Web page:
The first was the aptly named Mousehole. This is a ~3m climb down with a squeeze, though there wasn’t actually much climbing involved. It’s more of a steep slide downwards over smooth rock. I personally had a bit of trouble going down this as my helmet got stuck. Once at the bottom we encountered a ~5m duck. Though there was a low airspace this was passed with relative ease by laying on one’s back and slowly sliding through. Alex, on the other hand, approached this duck, as he does all ducks, on his stomach. On the other side of the duck is a small chamber with a flat-out squeeze, followed almost immediately after by another flat-out squeeze. After some more crawling we came to a short scaffolded shaft ~1.5m deep, at the bottom of which was a short squeeze followed by yet even more crawling. Eventually we arrived in the Necropolis, a huge chamber just beneath Colossus pitch in Large Pot.
From here we climbed up a rocky slope to the right of the pitch (as one faces it), through a short flat-out crawl, through a bit of walking passage, down a slope with a short squeeze en route, to reach the third duck (Heffalump Trap). Alex promised us that beyond this sump was the recently discovered Eastern Front, 1km of walking sized passage, interspersed with a few crawls. This duck was much longer than the previous two. The first section took about two minutes and was very wet. At the end of this was a short 4 inch high ‘step’ onto the second section, a slightly higher flat-out passage for 3 or 4 minutes through shallow pools of water. Whether one entered the duck on one’s back or one’s stomach, that’s the position one had to maintain as there was nowhere to turn one’s body over until near the very end of the flat-out crawl.
Once out of the crawl, however, we emerged in a fairly large chamber, at least in comparison with what we had just been through. The cave from here to the end of the Eastern Front consisted alternately of hands-and-knees crawling and walking-sized passage. The crawling was made somewhat easier by the fact that the floor for the most part was either sandy or muddy. However, there was still a lot of crawling. A LOT of crawling. The Eastern Front ended in a very large chamber with a giant heap or boulders at one end. In fact, it was by far the largest boulder heap I’d ever seen in a cave. Evidence that the MMMMC were still hard at work exploring in this area was clearly indicated by a new rope going up into the ceiling of the chamber (an account of their exploration here can be found in Descent 238). As we had no SRT gear, though, a trip up there would have to wait for another day. We ate our snacks, Alex took a few pictures, and then we headed out.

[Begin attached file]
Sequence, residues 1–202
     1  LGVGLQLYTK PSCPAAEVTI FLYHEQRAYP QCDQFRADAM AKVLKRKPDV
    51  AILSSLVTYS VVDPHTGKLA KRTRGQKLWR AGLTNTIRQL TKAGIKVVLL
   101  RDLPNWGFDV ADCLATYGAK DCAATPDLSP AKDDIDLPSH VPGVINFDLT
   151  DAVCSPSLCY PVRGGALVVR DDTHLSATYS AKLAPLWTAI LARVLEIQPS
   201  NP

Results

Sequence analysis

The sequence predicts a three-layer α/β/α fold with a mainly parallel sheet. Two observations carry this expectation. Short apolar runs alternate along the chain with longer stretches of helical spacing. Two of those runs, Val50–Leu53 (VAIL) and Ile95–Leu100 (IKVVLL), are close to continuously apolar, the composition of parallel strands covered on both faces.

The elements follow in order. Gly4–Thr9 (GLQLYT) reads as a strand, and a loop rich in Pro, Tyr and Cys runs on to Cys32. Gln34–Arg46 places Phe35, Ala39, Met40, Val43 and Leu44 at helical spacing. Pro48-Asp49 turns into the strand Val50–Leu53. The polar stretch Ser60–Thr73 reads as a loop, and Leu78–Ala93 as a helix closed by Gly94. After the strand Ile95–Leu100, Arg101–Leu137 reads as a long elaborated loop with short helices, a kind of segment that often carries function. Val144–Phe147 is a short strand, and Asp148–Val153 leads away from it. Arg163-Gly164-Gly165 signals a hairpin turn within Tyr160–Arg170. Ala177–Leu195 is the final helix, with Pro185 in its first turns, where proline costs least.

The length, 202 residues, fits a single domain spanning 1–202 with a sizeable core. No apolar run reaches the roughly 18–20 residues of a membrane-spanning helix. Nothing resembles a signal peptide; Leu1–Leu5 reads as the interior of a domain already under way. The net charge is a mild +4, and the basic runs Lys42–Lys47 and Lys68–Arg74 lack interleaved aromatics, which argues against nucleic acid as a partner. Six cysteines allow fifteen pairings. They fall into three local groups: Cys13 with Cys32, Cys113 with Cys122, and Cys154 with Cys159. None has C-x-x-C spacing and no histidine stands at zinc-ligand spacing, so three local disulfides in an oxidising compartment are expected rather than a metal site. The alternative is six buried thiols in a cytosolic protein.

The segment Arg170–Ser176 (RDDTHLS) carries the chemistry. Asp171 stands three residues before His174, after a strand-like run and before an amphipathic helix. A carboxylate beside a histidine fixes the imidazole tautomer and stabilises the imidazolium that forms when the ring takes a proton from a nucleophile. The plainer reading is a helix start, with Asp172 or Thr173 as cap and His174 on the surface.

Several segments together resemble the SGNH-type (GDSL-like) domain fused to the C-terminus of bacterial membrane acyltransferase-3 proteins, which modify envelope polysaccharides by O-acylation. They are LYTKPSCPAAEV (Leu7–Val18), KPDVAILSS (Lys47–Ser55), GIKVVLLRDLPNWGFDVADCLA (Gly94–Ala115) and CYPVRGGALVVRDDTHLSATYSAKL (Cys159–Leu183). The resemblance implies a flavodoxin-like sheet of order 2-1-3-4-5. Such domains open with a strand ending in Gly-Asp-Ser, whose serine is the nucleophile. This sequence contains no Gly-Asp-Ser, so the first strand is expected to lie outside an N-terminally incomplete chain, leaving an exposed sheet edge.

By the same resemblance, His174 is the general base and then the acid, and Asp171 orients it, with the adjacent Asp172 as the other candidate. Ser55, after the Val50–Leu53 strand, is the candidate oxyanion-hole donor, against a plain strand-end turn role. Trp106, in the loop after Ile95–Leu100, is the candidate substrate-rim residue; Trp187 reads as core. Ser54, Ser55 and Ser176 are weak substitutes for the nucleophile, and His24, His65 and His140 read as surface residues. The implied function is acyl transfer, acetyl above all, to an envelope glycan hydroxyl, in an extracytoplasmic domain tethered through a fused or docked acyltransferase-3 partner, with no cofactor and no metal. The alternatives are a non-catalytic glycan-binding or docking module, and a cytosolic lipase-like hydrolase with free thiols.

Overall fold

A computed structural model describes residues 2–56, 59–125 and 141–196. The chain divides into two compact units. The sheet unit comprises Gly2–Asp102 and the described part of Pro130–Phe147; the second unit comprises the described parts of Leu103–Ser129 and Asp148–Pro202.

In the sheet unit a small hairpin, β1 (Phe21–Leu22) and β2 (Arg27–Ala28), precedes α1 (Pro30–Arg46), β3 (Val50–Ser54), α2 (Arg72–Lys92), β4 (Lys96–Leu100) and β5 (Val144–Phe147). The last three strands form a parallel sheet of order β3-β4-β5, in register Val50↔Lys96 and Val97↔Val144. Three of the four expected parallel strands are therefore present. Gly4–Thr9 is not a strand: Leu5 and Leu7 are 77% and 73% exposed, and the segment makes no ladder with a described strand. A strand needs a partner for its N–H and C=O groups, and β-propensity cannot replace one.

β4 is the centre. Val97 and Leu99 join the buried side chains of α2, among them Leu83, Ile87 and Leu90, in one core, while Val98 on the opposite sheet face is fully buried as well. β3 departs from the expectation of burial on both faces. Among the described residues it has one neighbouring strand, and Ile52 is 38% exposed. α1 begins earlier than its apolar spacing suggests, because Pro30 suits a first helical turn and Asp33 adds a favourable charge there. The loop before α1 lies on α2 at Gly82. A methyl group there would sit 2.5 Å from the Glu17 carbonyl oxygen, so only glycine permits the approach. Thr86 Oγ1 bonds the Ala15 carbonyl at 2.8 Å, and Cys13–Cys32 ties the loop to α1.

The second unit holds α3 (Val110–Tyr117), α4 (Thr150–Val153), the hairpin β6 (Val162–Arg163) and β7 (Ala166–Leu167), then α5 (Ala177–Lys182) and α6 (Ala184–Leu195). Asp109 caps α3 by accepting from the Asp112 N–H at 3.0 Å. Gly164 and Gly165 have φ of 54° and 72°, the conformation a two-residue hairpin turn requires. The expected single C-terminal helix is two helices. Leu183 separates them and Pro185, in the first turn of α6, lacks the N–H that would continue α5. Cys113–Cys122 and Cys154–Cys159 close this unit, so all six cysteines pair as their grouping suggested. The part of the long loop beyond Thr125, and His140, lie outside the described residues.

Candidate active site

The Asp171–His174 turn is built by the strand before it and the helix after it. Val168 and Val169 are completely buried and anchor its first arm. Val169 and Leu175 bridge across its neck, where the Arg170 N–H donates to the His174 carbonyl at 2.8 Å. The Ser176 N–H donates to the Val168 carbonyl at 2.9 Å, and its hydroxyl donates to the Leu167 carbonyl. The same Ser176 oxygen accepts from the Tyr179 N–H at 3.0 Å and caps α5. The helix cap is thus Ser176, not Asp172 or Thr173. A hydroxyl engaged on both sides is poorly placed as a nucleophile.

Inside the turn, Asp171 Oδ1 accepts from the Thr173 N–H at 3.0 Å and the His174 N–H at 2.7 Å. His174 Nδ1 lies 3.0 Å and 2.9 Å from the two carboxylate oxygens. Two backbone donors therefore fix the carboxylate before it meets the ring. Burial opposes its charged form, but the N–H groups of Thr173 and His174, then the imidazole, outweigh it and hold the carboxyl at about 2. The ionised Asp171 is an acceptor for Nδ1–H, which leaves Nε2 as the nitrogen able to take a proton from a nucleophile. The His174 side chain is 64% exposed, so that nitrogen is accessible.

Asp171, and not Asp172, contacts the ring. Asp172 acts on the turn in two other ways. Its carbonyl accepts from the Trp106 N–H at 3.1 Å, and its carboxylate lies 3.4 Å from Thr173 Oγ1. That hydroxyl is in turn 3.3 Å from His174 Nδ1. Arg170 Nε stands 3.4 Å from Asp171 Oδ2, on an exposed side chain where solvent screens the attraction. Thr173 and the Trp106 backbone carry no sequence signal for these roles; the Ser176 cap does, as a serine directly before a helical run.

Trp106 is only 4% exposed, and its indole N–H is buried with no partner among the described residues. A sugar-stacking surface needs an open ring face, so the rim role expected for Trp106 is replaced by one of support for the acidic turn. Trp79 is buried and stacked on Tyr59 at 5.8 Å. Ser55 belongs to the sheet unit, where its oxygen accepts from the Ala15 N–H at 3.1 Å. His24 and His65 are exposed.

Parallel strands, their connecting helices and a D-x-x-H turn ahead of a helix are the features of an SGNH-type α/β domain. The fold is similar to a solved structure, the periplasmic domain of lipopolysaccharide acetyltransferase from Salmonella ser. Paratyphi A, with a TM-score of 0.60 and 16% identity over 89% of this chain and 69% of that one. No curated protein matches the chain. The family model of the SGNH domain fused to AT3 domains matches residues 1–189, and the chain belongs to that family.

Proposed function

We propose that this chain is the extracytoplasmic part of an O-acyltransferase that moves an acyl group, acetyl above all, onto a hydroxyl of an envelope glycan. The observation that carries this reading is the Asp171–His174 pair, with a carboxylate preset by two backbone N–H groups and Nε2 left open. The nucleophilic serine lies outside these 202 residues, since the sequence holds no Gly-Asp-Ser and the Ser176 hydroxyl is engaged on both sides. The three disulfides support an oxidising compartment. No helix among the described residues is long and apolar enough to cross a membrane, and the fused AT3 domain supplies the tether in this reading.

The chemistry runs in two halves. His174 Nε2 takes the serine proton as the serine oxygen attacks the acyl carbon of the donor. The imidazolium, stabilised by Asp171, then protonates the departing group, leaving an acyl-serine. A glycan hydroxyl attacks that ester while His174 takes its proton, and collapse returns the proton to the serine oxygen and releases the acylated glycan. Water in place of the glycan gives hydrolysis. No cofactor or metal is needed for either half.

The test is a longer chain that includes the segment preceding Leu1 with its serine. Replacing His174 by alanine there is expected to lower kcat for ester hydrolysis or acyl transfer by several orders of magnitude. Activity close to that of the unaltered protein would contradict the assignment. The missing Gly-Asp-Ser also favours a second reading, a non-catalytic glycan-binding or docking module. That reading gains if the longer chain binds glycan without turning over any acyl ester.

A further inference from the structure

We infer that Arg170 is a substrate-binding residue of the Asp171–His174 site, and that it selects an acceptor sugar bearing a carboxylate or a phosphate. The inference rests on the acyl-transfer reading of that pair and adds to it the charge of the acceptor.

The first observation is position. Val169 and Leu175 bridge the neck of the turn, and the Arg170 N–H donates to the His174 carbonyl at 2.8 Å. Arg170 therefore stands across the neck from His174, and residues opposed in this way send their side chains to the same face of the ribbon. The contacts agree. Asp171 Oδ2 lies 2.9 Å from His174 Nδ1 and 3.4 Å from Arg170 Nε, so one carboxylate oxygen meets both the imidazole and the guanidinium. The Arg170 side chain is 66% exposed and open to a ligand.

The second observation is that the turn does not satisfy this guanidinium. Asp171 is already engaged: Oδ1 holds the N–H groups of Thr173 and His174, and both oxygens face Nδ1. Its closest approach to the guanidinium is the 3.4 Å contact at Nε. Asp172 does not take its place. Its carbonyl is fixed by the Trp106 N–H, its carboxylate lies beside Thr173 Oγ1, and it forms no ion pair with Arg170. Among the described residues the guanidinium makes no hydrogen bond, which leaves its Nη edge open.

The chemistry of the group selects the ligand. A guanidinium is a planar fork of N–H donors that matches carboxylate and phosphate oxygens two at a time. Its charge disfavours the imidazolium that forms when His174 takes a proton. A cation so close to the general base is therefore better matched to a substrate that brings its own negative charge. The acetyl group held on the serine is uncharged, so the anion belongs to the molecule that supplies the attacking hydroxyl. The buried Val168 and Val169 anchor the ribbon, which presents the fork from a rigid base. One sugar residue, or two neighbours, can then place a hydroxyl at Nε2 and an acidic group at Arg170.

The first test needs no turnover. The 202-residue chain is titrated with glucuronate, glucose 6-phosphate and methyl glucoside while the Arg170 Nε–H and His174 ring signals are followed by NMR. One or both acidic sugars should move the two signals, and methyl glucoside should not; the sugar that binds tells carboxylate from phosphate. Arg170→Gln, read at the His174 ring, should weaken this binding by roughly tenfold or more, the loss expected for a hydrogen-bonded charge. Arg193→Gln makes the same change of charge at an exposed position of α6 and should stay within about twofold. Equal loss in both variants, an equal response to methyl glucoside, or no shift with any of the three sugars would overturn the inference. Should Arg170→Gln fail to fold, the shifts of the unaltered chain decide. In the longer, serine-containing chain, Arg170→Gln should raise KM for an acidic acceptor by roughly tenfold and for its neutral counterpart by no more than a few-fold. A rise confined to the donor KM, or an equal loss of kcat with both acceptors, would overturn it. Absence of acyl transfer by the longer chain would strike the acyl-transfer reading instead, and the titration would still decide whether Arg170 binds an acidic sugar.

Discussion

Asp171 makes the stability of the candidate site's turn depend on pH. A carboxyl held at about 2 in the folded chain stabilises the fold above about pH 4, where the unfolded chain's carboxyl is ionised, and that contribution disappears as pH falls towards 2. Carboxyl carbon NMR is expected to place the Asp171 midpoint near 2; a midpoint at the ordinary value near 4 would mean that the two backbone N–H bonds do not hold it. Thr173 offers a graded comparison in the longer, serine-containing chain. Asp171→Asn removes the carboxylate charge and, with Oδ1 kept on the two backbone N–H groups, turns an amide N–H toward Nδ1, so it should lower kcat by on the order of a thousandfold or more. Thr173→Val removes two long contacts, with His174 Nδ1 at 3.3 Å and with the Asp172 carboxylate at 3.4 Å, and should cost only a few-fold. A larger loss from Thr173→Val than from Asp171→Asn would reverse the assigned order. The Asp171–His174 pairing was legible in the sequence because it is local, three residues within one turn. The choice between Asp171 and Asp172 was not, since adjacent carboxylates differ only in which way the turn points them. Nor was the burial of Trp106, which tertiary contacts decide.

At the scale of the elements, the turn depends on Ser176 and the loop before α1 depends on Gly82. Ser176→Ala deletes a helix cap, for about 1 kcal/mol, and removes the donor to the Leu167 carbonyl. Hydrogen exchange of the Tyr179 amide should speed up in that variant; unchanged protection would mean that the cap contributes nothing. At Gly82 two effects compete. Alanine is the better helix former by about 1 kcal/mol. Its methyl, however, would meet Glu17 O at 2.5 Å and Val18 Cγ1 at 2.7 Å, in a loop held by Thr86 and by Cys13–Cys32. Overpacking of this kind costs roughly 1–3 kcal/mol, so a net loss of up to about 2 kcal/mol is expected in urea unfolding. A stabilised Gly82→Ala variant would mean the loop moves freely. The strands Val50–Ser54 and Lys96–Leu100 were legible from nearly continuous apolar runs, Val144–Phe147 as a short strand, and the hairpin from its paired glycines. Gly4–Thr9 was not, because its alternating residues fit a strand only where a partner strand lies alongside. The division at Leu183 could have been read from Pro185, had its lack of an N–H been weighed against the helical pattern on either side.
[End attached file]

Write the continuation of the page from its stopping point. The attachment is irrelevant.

The end chamber
Decorated Eastern front passage
The trip back was largely uneventful and somewhat faster than on the way in, though we were all much more tired. That being said, I thought the connection crawl between Rift and Low Douk was a bit easier coming from this direction, though it was a bit daunting coming out of a tight crawl and immediately into a long and deep duck. Once out of the cave, we got changed and on my suggestion headed to Whoop Hall, where one of the regular employees is a very attractive blonde woman in her 20s. We weren’t disappointed.
Total Trip Time: 6 hours
Edited your report to add in a couple of photo’s and updated my bag contents :)
Fantastic report, however, I thought I did well not telling you where to crawl/walk this time, unless you asked. (And sometimes not even then!)
To be fair, at each junction we encountered you did let Sharman and I decide for ourselves which direction we should go (even though you knew the correct way). It’s unfortunate that Sharman and I not once chose the correct way on. That’s why you’re my hero. You got us in and out in one piece.
Low Douk – Rift Pot – Large Pot – Eastern Front
Reckon you could find your way again Don? A trip that both Chris K and I want to do as soon as my wrist is up for crawling long distances.
I’ll be able to remember if we do the trip sometime fairly soon (i.e. the next few weeks or so). After that, I can’t make any promises… I’m definitely up for doing the trip again whenever you guys are up for it. It’s definitely in the top three most fun trips I’ve ever done.